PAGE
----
Combs Spouts Off

"It's my opinion and it's very true."

  • Calendar

    June 2020
    S M T W T F S
    « Jan    
     123456
    78910111213
    14151617181920
    21222324252627
    282930  
  • Recent Posts

  • Tag Cloud

  • Archives

Posts Tagged ‘republicans’

Newt at his best

Posted by Richard on January 17, 2012

I’m not a big Newt Gingrich fan, but when he’s right, he’s right, and when he’s on his game, there’s nobody better. In last night’s debate, his response to Juan Williams’ race-baiting, “don’t you realize your wife doesn’t like to be beaten” question was simply masterful. He was unapologetic, forceful, articulate, and stood by his principles — qualities that are unfortunately rare among the GOP leadership. It’s the first time a presidential candidate in a debate ever got a standing ovation, and he deserved it.


[YouTube link]

Posted in Uncategorized | Tagged: , , , , | 4 Comments »

Anti-capitalist conservatives

Posted by Richard on January 10, 2012

Yesterday, I mentioned in passing the leftist-sounding attacks on Romney by Gingrich and Perry. Bobby Eberle has much more:

In their quest for the Republican nomination, it seems these “conservatives” will embrace any idea in order to attack another candidate. The latest is an assault on capitalism… yes, capitalism! What’s next? Supporting higher taxes and bigger government?

As noted in a story on CNSNews.com, GOP presidential front-runner Mitt Romney is under attack by his fellow opponents, namely Newt Gingrich and Rick Perry. Why, you ask? Because Romney ran Bain Capital, which would restructure and reorganize companies in order to make them profitable. In doing so, everything that would be involved in saving a company was on the table: selling assets, trimming work staff, modernizing… you name it.

Oh the horror of it all! Gingrich and Perry are blasting Romney for not relying on the government, not going for corporate bailouts, but rather, for handling corporate woes in the private sector.

In National Review, Jay Nordlinger writes, “The last two presidential election cycles have revealed a stinking hypocrisy in conservatives: They profess their love of capitalism and entrepreneurship, but when offered a real capitalist and entrepreneur, they go, ‘Eek, a mouse!’ And they tear him down in proud social-democrat fashion.”

I’m not writing this column as a Romney supporter. I too would prefer someone more conservative. But in this race, the so-called conservatives are sure NOT sounding conservative to me. They are blasting Romney for engaging in capitalism. They are hounding him for turning companies around. That was his job, and apparently, he was good at it.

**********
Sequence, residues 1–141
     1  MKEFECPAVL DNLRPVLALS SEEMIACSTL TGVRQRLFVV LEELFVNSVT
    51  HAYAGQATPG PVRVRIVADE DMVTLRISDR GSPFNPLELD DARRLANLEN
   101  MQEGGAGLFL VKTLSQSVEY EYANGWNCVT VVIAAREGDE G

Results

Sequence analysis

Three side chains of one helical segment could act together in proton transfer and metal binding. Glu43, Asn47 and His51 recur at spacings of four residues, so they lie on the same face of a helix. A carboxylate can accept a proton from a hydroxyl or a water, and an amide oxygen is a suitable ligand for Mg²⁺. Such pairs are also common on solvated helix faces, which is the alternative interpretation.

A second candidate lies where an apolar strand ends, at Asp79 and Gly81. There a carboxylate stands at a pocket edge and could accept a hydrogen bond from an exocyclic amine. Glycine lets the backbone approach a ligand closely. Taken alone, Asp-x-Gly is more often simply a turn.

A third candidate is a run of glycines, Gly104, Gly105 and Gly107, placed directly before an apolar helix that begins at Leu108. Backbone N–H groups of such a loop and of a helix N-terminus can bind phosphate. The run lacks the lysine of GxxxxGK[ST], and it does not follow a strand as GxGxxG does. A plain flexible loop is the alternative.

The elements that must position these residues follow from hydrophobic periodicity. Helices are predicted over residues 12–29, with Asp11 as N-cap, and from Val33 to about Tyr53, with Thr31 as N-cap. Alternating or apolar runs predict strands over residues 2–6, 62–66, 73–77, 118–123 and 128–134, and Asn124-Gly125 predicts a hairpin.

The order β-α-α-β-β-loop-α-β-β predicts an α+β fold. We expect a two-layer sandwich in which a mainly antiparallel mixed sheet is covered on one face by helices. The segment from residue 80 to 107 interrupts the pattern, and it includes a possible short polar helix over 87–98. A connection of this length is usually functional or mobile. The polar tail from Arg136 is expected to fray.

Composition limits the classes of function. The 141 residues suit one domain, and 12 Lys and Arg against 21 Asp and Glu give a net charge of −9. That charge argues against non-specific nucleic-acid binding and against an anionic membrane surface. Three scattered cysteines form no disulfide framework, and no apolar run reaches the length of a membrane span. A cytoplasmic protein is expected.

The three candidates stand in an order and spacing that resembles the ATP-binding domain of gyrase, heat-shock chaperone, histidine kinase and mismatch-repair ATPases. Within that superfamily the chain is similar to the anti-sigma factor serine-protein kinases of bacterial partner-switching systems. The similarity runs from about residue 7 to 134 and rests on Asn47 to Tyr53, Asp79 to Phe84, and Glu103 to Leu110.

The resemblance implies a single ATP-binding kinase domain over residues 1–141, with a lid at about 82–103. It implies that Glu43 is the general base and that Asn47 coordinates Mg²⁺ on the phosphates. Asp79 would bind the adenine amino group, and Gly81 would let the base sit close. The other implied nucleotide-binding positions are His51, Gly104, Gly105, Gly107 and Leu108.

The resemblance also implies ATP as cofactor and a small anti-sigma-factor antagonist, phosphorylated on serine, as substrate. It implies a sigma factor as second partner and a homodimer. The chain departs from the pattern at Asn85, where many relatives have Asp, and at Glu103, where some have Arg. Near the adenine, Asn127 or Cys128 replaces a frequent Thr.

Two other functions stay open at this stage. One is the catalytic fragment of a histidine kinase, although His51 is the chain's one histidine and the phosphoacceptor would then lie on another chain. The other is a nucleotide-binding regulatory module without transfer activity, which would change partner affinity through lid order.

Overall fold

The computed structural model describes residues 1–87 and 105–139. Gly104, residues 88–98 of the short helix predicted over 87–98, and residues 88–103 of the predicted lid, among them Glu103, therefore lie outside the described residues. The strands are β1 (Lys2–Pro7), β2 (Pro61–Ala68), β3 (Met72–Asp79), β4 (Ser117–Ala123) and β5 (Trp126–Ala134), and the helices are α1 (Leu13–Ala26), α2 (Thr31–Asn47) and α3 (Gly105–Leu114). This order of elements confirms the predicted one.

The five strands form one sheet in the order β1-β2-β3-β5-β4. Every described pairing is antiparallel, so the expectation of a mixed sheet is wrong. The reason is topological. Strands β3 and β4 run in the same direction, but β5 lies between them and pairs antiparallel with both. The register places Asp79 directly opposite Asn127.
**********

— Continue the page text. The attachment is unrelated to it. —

I said there’s no Reagan in this Republican field and no clearly best choice. The “conservative alternatives to Romney” have been making themselves less and less palatable to me.

Ron Paul is great on economic and fiscal issues and on the size and scope of the federal government, but he has some serious flaws: (1) that unfortunate association with the Lew Rockwell paleo-libertarians, (2) flirtations with 9/11 Trutherism and Bilderberger/CFR conspiracy theories, and (3) a dangerously mistaken and ignorant view of the Islamofascists.

I hate to say it, but Romney is beginning to look like the best (or least bad) that the GOP can offer this year.

Posted in Uncategorized | Tagged: , , , , , , , | Leave a Comment »

Anybody but Santorum

Posted by Richard on January 9, 2012

I mentioned my dislike of Rick Santorum the other day. I’m not alone, and RedState’s Erick Erickson, a social conservative himself, has shown that you don’t have to be a libertarian to reject Santorum’s self-described “Big Government conservatism” (emphasis added):

Santorum is a conservative. He is. But his conservative is largely defined by his social positions and the ends to which government would be deployed. But he has chosen as the means to those conservative ends bigger government. We see big government conservatives most clearly when they deviate from the tireless efforts of people like Mike Pence and Jim DeMint and the others who were willing to oppose George W. Bush’s expansion of the welfare state. Rick Santorum was not among them.

I and some friends, none of us Romney fans, have set about exploring Santorum’s record since Wednesday morning.  Here now is a non-exhaustive list of what we have found. It does not even include his support for No Child Left Behind, Medicare Part D, debt ceiling increases, funding the bridge to nowhere, refusing to redirect earmark allocations to disaster relief along the Gulf Coast post Katrina, etc.

This is not the record of a man committed to scaling back the welfare state or the nanny state. Had he been up for re-election in 2010 instead of 2006, this is the record of a man who the tea party movement would have primaried. The only real justification for supporting him now is he is not Mitt Romney, but I still believe we can do better.

Check out Erickson’s very, very long list of Santorum’s votes for more spending, more taxes, more entitlements, more gun control, etc., etc., etc.

Adam Bitely of Americans for Limited Government, a free-market conservative, shares Erickson’s concerns about Santorum’s big government conservatism.

A real libertarian, Cato’s David Boaz, has also put together some damning evidence demonstrating that lovers of liberty must oppose Santorum, including this disturbing quote from Santorum when he was on NPR in 2006 (emphasis added):

One of the criticisms I make is to what I refer to as more of a libertarianish right. … This whole idea of personal autonomy, well I don’t think most conservatives hold that point of view. Some do. They have this idea that people should be left alone, be able to do whatever they want to do, government should keep our taxes down and keep our regulations low, that we shouldn’t get involved in the bedroom, we shouldn’t get involved in cultural issues. You know, people should do whatever they want. Well, that is not how traditional conservatives view the world and I think most conservatives understand that individuals can’t go it alone. That there is no such society that I am aware of, where we’ve had radical individualism and that it succeeds as a culture.